This true story of brave resistance fighters in France during World War II shows the courage and fortitude of some French people who resisted the Nazi occupation of their beloved country. I have since purchased and watched the video (French speaking with English subtitles) that is based on this book.
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1 of 1 people found the following review helpful
5.0 out of 5 stars France and resistance 19 Jan 2014
Format:Paperback|Verified Purchase
After visiting the Resistance museum in Lyon recently this volume was most informative. Still fascinating nearly 70 years after the second world war how France still struggles to resolve dealing with its fascist history, anti-Semitism and deep rooted right wing politics.
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4 of 5 people found the following review helpful
5.0 out of 5 stars Outstanding 1 April 2012
By Ben D.
Format:Paperback|Verified Purchase
Superb insight and stunning account of life in France during WW2, through the eyes of Lucie Aubrac whom successfully juggled her roles as mother, teacher and resistant. As the book has been translated I didn't have high expectations of the writing style or quality but I was pleasantly surprised at how exceptionally strong those aspects have turned out to be.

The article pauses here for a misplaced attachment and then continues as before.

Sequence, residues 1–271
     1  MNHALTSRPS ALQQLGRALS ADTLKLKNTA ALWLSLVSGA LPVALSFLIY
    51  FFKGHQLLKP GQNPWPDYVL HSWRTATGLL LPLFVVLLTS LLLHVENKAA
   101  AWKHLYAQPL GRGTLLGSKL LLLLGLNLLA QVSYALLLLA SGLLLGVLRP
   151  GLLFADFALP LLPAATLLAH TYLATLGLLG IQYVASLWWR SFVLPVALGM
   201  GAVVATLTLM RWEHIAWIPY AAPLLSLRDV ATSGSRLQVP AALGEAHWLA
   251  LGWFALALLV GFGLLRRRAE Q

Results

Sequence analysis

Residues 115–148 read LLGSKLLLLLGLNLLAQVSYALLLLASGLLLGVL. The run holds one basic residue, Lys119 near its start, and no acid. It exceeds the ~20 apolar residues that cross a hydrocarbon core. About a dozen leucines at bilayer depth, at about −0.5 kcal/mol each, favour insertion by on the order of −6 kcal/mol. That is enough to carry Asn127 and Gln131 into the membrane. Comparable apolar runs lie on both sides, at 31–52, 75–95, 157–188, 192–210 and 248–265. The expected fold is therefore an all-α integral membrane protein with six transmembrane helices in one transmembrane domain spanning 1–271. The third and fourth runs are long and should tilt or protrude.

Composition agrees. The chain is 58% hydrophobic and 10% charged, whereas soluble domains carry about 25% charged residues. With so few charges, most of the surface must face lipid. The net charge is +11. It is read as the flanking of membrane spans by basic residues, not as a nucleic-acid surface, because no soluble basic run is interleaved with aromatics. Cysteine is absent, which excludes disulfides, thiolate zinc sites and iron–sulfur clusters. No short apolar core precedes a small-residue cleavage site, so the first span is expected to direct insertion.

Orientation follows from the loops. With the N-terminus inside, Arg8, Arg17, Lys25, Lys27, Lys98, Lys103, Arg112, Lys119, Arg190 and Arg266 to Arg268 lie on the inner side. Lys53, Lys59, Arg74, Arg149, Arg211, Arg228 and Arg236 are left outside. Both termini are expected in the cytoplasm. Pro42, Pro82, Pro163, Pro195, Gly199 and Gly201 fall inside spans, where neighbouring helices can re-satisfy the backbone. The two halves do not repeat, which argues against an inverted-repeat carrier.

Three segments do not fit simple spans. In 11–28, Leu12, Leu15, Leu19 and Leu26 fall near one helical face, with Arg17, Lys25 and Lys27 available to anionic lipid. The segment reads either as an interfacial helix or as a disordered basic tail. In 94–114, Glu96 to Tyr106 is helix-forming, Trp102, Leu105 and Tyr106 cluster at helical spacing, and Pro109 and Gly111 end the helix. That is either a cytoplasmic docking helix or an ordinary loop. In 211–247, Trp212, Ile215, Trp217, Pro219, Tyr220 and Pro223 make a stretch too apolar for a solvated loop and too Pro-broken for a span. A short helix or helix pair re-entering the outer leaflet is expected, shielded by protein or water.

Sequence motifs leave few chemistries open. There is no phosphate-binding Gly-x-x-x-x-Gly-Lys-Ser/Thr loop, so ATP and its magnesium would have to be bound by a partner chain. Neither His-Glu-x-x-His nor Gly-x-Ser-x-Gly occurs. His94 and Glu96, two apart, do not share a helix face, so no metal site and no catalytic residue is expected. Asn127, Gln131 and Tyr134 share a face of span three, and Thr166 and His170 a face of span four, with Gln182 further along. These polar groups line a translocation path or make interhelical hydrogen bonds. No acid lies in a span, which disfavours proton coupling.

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3 of 4 people found the following review helpful
5.0 out of 5 stars Outwitting the Gestapo 3 Feb 2013
Format:Paperback|Verified Purchase
An excellent informative book., it gave a real insight into life in France under German rule. Also supplied facts about life - I did not realise how late women got the vote , for example.
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5.0 out of 5 stars Outwitting the Gestapo 14 July 2014
Format:Hardcover|Verified Purchase
Excellent book